Sunday, March 31, 2013

Investing Simplified

It is never too early or too late to start investing.  It is easy to start you do not need to be wealthy to open an online account.  Reputable online brokers require investors to start with a deposit ranging from $500-$2500 and they charge $7-$9.99 to buy or sell a stock.  If you do not have much money treat it as a 401k and only add $100 every 2 weeks.  For a beginner it is best to use dollar cost averaging especially with the market setting new highs.  Even if you have the cash do not invest all your money at once.

Make sure you understand the risks and costs of trading. Pick stocks you are familiar with and companies that interest you.  Understand that stocks are not all alike they do not move or feel the same.  A stock with high beta (above 1) like Facebook (FB) will be very volatile it will change in price more than the Dow (DJI) or S&P 500 (GSPC) the opposite is true for Pfizer (PFE).  Another way to tell how a stock will move in price is by the volume, a stock like (GE) with over 31 million shares will need a lot of buying from investors to make the price move in either direction.  General Electric is not a good stock for a day trader but it is a good stock for a long term trader or swing trader.  On the other hand a stock like Visa (V) with 3 million shares won't require much buying or selling for the stock's price to move making for some quick gains or losses.

When buying or selling stock a limit order  is one of the safest ways to get a stock at the price you want.  If you place a limit order to buy Merck (MRK) at $43.50 the order will not execute unless the stock reaches a price of $43.50 or less.  When purchasing a security I recommend buying 100 shares minimum if you do not have the means then buy what you can.  As a long term trader diversify and buy regularly only readjust occasionally to protect your portfolio.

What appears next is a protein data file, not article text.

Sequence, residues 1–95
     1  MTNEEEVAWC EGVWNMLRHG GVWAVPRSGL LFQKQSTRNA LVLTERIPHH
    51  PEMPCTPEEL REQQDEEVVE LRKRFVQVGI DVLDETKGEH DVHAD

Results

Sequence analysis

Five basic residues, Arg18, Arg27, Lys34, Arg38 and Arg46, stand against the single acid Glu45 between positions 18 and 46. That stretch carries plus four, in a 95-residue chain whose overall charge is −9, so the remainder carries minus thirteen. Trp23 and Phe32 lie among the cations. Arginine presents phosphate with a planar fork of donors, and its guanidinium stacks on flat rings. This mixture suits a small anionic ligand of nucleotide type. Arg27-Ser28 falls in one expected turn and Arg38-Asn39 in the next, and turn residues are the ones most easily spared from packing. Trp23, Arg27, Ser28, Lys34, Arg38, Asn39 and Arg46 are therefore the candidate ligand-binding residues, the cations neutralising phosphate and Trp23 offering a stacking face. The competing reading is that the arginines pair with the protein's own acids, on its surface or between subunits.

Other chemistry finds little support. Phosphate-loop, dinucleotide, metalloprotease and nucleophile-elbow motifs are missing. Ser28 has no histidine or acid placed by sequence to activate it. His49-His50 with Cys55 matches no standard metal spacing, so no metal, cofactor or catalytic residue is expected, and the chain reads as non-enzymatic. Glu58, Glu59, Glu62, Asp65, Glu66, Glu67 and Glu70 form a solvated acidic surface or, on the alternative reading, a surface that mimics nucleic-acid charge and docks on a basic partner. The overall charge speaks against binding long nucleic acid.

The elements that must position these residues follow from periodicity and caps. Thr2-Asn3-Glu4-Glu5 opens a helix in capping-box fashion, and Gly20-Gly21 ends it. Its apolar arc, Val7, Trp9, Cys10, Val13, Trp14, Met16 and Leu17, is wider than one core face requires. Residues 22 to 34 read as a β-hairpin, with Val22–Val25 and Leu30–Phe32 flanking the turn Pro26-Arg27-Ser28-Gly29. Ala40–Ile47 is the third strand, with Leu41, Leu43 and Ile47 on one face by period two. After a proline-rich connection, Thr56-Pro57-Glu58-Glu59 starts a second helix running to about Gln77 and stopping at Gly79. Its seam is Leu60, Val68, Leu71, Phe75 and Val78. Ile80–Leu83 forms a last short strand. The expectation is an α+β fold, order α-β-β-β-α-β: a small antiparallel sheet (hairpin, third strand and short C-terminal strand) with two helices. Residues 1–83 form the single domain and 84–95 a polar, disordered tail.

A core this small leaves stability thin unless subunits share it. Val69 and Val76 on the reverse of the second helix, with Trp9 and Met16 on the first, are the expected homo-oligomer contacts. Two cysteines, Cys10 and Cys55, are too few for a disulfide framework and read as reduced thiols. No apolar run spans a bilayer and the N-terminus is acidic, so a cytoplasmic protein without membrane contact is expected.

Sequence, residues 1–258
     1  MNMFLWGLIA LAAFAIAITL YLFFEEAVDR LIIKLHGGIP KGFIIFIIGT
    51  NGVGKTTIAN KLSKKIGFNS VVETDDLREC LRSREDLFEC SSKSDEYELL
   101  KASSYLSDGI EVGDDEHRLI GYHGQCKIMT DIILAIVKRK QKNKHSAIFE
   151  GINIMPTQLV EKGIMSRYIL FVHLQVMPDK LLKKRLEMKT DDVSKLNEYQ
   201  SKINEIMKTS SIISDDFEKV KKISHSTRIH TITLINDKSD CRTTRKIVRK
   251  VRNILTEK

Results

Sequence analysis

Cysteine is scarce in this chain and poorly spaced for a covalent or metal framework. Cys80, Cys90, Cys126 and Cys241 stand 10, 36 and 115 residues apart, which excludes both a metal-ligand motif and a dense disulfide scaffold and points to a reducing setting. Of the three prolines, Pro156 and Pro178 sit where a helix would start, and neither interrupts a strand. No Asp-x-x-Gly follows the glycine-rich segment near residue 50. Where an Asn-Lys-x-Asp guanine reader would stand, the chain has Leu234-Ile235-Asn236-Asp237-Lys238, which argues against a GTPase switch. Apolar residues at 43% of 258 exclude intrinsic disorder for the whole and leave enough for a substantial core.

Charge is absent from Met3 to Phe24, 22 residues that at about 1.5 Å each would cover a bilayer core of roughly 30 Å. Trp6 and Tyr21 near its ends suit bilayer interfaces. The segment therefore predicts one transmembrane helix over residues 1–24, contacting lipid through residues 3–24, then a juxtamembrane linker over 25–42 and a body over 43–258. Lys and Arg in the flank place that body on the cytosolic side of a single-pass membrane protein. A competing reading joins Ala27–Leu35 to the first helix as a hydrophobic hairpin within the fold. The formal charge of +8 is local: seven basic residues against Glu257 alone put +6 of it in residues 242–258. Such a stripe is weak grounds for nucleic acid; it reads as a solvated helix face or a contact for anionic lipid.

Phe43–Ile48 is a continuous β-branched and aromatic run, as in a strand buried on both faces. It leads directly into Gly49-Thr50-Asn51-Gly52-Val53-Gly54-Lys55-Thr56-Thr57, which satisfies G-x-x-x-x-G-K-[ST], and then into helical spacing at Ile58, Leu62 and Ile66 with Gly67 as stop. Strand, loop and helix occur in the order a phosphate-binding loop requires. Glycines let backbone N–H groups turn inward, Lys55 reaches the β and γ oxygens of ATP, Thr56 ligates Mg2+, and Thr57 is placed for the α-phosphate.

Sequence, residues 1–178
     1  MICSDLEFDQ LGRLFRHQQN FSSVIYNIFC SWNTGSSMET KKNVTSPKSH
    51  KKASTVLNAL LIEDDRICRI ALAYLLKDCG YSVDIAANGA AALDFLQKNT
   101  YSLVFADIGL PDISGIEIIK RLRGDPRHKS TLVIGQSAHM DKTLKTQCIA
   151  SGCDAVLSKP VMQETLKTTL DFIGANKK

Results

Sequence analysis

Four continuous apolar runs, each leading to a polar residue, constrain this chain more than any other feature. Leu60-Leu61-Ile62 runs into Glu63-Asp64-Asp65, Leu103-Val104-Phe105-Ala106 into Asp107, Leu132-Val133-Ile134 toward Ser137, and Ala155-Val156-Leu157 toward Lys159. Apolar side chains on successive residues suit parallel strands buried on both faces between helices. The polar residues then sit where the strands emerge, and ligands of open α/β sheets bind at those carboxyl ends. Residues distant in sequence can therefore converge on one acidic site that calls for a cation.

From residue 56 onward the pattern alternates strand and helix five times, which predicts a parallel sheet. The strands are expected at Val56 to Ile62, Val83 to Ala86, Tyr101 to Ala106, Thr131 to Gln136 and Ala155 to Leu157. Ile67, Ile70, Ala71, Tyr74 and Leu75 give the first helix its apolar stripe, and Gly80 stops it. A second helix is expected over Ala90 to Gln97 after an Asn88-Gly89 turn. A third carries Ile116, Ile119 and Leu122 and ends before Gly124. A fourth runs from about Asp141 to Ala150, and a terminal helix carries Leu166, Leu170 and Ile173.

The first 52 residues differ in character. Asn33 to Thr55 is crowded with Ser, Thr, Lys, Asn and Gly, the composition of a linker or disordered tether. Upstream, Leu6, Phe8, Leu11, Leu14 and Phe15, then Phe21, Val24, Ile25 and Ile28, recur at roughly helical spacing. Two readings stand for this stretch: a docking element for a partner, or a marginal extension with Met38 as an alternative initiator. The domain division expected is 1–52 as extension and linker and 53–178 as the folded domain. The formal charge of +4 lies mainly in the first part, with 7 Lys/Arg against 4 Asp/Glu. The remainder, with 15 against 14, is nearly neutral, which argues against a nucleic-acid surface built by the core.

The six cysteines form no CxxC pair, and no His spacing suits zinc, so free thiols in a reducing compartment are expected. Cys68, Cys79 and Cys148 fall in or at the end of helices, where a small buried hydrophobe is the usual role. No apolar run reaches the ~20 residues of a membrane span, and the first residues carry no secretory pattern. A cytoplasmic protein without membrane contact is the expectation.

1. I would like to know how do you use dollar cost averaging if your online broker charge for each ‘deposit’ $7-$9.99 to buy or sell a stock? It’s about a 10% cost for each deposit of $100 every 2 weeks,which seem to be a to big ratio. For now , here in Canada I actually buy TD’s e-Series index funds with very low MER (Management Expense Ratio) from 0,33% to 0,53%. The only other fee I have to pay is if I redeemed the fund within 30 days of purchase ( penality of 2%.) I can set up a PPP with no fee, and the amount can be as low as 25$ each time. I trade directly with the bank, with no fee…You probably have equivalent in united-state with

    1. Good question, thanks for asking. That is something investors will have to deal with and hopefully use good money management skills as they grow and learn. It is better for new investors to open and account and add regularly than for them not to get in the habit of putting money in their account. It is $7-$10 for every trade, they may deposit $100 every 2 weeks but only buy once a month at first, then as they get more involved with their accounts and learn about stocks they may chose to buy less often if the $7 commission bothers them. If they wait too long they will miss out on opportunities, dollar cost averaging may mean buying every 3 months. As new investors continue buying they will develop a way to evade costs by either saving more or waiting to have added more funds to buy. From my experience if you tell someone to save $5000 and then start investing they will probably not do it. What you are talking about sounds like a mutual fund, I don't buy mutual funds the only ones I have are in my 403b. There are NTF no load funds in the U.S. but I don't trade them.